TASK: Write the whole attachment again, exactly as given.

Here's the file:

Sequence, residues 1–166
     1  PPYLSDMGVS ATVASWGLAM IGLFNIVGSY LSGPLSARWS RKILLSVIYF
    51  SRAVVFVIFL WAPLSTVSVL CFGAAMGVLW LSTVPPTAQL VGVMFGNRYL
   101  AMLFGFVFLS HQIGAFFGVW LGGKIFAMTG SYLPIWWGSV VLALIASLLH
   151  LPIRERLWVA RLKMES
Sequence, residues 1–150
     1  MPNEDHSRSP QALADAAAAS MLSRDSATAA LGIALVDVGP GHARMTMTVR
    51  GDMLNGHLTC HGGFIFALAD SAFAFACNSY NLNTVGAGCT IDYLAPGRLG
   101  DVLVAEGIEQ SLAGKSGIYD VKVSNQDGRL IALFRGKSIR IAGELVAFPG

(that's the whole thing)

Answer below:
Sequence, residues 1–166
     1  PPYLSDMGVS ATVASWGLAM IGLFNIVGSY LSGPLSARWS RKILLSVIYF
    51  SRAVVFVIFL WAPLSTVSVL CFGAAMGVLW LSTVPPTAQL VGVMFGNRYL
   101  AMLFGFVFLS HQIGAFFGVW LGGKIFAMTG SYLPIWWGSV VLALIASLLH
   151  LPIRERLWVA RLKMES
Sequence, residues 1–150
     1  MPNEDHSRSP QALADAAAAS MLSRDSATAA LGIALVDVGP GHARMTMTVR
    51  GDMLNGHLTC HGGFIFALAD SAFAFACNSY NLNTVGAGCT IDYLAPGRLG
   101  DVLVAEGIEQ SLAGKSGIYD VKVSNQDGRL IALFRGKSIR IAGELVAFPG